Qatar’s capital markets are expected to see limited activity in the coming year, according to Aladdin Hangari, chief executive officer of Credit Suisse Qatar.

“I expect to see some [initial public offering] activity from government related entities, but I think there are a still lot of barriers before we will see private sector companies coming to market,” he says.

“The wait is for a window of opportunity, as the government regulators will be trying to manage the liquidity in the market and want to ensure that there are appropriate time gaps between launching each IPO.”

In the coming 6 to 12 months a couple of IPO’s are set to launch on Qatar Exchange. Barwa Bank has plans to go public soon, while Qatar First Bank is expected to list some of its existing shares, according to two sources in Qatar.

Qatar Petroleum is understood to be planning IPO’s of three to four units in the coming years after its subsidiary Mesaieed Petrochemical Holding Company raised QR3.23bn on 21 January. Including Mesaieed the IPO’s will have a total value of QR50bn ($13.73bn).

The launch of the new, QR45bn ($12.4bn) investment firm Doha Global Investment Company, which Credit Suisse is advising on, has been delayed after it was originally scheduled for May last year.

Qatar Holding, the foreign investment arm of the country’s sovereign wealth fund, would transfer $3bn into the fund’s assets, with a similar amount raised through a Qatar Exchange listing.

“We understand that it’s on hold for the time being and the sponsors will come back to the advisors if they do decide to go ahead with the transaction,” says Hangari.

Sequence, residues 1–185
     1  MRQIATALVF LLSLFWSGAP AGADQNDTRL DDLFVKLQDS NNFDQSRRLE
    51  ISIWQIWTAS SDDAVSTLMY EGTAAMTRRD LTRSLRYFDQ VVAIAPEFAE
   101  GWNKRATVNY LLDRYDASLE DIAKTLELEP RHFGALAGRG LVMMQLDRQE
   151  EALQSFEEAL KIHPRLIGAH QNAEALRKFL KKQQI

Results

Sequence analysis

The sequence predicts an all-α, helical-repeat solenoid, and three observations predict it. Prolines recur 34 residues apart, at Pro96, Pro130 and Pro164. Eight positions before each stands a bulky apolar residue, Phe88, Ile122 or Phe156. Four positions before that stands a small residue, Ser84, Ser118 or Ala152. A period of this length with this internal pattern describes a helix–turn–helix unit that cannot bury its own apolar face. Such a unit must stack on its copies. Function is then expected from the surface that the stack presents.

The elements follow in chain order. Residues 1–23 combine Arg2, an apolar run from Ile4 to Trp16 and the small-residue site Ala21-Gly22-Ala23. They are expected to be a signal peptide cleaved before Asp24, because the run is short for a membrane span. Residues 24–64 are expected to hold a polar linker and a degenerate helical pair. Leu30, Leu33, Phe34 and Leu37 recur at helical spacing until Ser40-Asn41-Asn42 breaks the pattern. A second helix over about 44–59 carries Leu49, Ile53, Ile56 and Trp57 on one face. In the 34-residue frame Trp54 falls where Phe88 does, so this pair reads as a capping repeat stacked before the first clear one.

The IPO plans are part of Qatar’s push to develop a deeper stock market, which struggles to attract liquidity. It is mainly dominated by private wealth and government-related investors.

In January Qatar Central Bank announced that a central securities depository had been formed, part of a plan to upgrade the structure of its financial sector. Qatar is also looking at raising foreign ownership limits on several companies. That could help cater to higher demand resulting from its MSCI upgrade to emerging markets status in May 2014.

“The government is trying to coordinate more between its different state entities. They recently set up a state debt management office and are definitely much better aligned in terms of when and how much they borrow from banks and when they plan to come to the capital markets,” says Hangari.

On the bond market he does not expect a major increase in corporate activity. Last year Commercial Bank of Qatar and Doha Bank privately sold bonds to pension funds.

“I don’t expect much more activity this year unless it’s a bank or a real estate company like Qatari Diar. Several companies are thinking about issuing, but many will need to get a credit rating before we see them going to the international markets. I don’t think the government will be keen to issue state guarantees for the companies they own, and investors will always prefer to have an independent credit rating,” he says.